The California Supreme Court’s latest California Environmental Quality Act (CEQA) decision contains important rulings affecting three areas of land use and environmental law practice. The decision, Center for Biological Diversity v. California Department of Fish and Wildlife (November 30, 2015, Case No. 217763), was a 5-1-1 decision, and it arose out of one of many environmental impact reports (EIRs) that have been prepared for the large Newhall Ranch development that is proposed in northern Los Angeles County. This particular EIR followed earlier EIRs certified by Los Angeles County in 1999 and 2003 in connection with the County’s primary project approvals. The new EIR was a joint EIR/EIS prepared by the California Department of Fish and Wildlife and the U.S. Army Corps of Engineers to evaluate the impacts of several additional project approvals, including a resource management plan, a conservation plan for the endangered spineflower plant, a streambed alteration agreement, and two permits for the incidental take of protected species.
Several of the rulings in the case are likely to make the CEQA process, and the analysis of greenhouse gas emissions in CEQA documents, more complicated. The primary rulings in the case are discussed below.
EIR Analysis of greenhouse gas emissions upheld in part, rejected in part. The Court upheld some aspects of the EIR’s lengthy analysis of greenhouse gas emissions, but found that the analysis was not thorough enough. There are three components to this ruling.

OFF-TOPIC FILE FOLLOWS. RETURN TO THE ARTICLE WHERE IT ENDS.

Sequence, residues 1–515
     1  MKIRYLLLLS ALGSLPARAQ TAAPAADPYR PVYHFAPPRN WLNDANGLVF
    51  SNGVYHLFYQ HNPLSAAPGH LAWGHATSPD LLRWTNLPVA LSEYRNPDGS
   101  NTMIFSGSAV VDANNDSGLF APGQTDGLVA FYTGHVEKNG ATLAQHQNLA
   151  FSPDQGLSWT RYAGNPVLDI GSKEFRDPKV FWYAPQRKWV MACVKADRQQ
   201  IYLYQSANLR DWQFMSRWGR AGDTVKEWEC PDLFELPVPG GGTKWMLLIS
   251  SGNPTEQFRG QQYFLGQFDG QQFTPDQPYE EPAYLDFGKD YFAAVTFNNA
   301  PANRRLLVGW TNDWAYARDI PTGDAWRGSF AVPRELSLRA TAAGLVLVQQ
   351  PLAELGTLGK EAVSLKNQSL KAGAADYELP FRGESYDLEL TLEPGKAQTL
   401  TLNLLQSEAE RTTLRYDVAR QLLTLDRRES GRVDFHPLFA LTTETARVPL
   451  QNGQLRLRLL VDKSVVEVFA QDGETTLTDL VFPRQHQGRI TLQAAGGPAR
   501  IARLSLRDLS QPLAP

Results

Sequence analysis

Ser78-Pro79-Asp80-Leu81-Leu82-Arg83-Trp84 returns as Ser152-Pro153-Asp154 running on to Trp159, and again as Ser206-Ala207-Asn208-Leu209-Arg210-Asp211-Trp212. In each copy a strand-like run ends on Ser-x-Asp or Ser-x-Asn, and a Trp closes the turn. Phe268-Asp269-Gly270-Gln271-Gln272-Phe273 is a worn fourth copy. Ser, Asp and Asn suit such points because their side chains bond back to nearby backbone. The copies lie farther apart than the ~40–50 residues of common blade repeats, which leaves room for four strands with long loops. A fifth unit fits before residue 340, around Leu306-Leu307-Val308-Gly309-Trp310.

“Business as Usual” Significance Methodology Upheld in General. The EIR determined the significance of emissions related to the project by comparing those emissions to the reductions from “business as usual” that will be needed to reduce emissions to 1990 levels by 2020, as required by AB 32, the Global Warming Solutions Act. This comparison to “business as usual” or “BAU” emissions is based on the 2008 Climate Change Scoping Plan released by the Air Resources Board. Environmental groups argued that the BAU methodology constitutes a hypothetical baseline such that actual existing emissions are not compared to the likely emissions of a project. The Court found that the BAU methodology was not used to describe the baseline existing conditions, but was instead properly used as a yardstick for determining the significance of future emissions associated with the project. The Court also noted that, given the global scope of climate impacts, it makes sense to use an efficiency metric such as AB 32 consistency, rather than an absolute numerical standard, in determining the significance of emissions related to a project.
Application of the BAU methodology was not sufficient. After upholding the EIR’s methodology, however, the Court held that the EIR did not substantiate the conclusion that cumulative impacts from the Newhall project would be less than significant. The EIR reached this determination based on an anticipated 31 per cent reduction against business as usual, compared to a statewide target of a 29 per cent reduction from business as usual. The Court held that “the EIR’s deficiency stems from taking a quantitative comparison method developed by the Scoping Plan as a measure of the greenhouse gas reduction effort required by the state as a whole, and attempting to use that method, without adjustments, for a purpose very different from its original design” – namely, measuring the impacts of a specific project in a specific location. It is not clear from the decision how this adjustment of the state goal should be achieved in particular cases, and this aspect of the decision will require careful attention in the preparation of EIR analyses of greenhouse gas emissions.